Being the spouse of an Ambassador, representing your country, offers a lot of interesting opportunities and experiences and also very specific challenges. Of course a lot is dependent on issues such as which country you represent, the country you are in, the size of the Embassy, (the expectations of) your partner etc. And I also realize that some countries may prepare you for this, others do not.
A few things I was not really prepared for
One important thing which is very different in this role is the fact that you are living in “the residence”. This is also supposed to be your home, but mostly it is a house which is used to represent and often also showcase your country. Usually all other Embassy departments can also use the residence to host their events. So there will seminars, meetings, working lunches and dinners, signing ceremonies, networking events etc. Of course the house is meant for this, but somehow it can make you feel very lost in your own house at times. And actually, it may be a house – and a beautiful house often – but does it feel like your home…? And how do you make it feel like your home? What if it is all furnished, even the bed in your bedroom has been used by your predecessors… ? Is it suitable for a family or for kids? Or what about pets? I had not really thought about all of this before I arrived.
We tried to host events together when we could. But many times this was not an option. And where do you go to if there are events where your participation is not required or wanted…, In the beginning I often ended up in the bedroom and having dinner in front of the tv. How awkward it can feel that you can stay for a drink but will have to go when it is time for the guests to go and have diner, without you. Or the feeling that you can never be yourself really as there are potentially always people, staff and Embassy colleagues walking around, so you always have to be aware of how you look or what you are wearing. How do you sneak out if there is an event taking place and you do not want to be seen? Or what can you do if you do not like the furniture? Or are you expected to organize beautiful dinners and decorate the tables in a tasteful manner? Are you expected to serve your countries’ food? Are there standards? And what if you do not like cooking at all? And what about protocol? Lots of questions, assumptions, implicit or explicit expectations.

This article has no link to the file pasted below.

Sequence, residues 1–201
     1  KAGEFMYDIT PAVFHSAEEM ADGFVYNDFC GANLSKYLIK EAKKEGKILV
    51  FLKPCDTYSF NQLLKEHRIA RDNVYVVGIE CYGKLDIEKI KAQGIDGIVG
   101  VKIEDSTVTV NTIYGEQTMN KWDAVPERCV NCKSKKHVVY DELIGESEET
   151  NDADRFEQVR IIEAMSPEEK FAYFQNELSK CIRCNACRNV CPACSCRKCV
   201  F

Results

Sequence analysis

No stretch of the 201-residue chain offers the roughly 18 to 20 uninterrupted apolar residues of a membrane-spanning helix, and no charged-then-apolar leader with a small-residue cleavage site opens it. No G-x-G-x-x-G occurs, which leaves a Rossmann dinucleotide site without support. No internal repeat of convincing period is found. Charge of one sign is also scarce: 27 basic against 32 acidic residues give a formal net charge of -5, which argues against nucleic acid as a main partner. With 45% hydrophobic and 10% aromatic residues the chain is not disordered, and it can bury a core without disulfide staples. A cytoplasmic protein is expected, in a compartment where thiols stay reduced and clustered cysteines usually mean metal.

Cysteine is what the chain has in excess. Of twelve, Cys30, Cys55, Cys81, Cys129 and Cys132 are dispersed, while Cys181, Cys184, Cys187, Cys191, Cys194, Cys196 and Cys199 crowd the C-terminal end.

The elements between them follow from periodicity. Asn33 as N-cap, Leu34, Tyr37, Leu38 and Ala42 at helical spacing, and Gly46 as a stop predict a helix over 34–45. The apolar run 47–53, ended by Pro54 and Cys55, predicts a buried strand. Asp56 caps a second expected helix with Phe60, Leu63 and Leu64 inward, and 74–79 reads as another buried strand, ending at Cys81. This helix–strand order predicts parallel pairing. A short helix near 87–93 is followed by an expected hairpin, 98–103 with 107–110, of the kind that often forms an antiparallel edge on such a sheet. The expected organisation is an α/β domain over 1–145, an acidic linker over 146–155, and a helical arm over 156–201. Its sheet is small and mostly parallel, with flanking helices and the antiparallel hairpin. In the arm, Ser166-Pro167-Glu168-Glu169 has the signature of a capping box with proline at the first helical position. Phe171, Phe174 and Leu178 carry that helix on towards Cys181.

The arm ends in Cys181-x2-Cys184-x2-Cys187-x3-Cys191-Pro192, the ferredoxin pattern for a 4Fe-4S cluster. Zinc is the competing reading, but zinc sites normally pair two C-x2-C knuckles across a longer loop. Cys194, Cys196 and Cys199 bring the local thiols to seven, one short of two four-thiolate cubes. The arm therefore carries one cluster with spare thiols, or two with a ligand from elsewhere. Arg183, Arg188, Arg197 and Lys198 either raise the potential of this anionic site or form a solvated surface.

Or what to do with the feeling that some areas in the house were actually areas for others. This can of course also be the case in other situations and countries. Such as the kitchen. The kitchen is the space where there is always a lot of work for the events going on and staff gathers. Entering the kitchen felt as if I where intruding, uncomfortable. So I avoided it where I could. It is not our space and it still is difficult to find things in the kitchen. It did help me snack a lot less than I might otherwise would have done… 😊
How do you deal with this?
When I realized that in fact we were living in a work setting – the work setting of my partner, this did help me. It helped me to understand that systemically the space we were using had a different meaning to each of us. It was his working environment and also his house, I was trying to make it a home and it was not my working environment where I would meet work contacts and colleagues. Accepting this helped dealing with this. It was a step. And of course we needed to find ways to deal with some of the practical challenges and finding escape routes in the house….
Lots of other questions and issues come up in this role. Also in relation to your partner and the community and people around you. It requires very explicit and honest conversations about expectations and roles. Did you get curious or would you like to discuss further? Please drop me a line.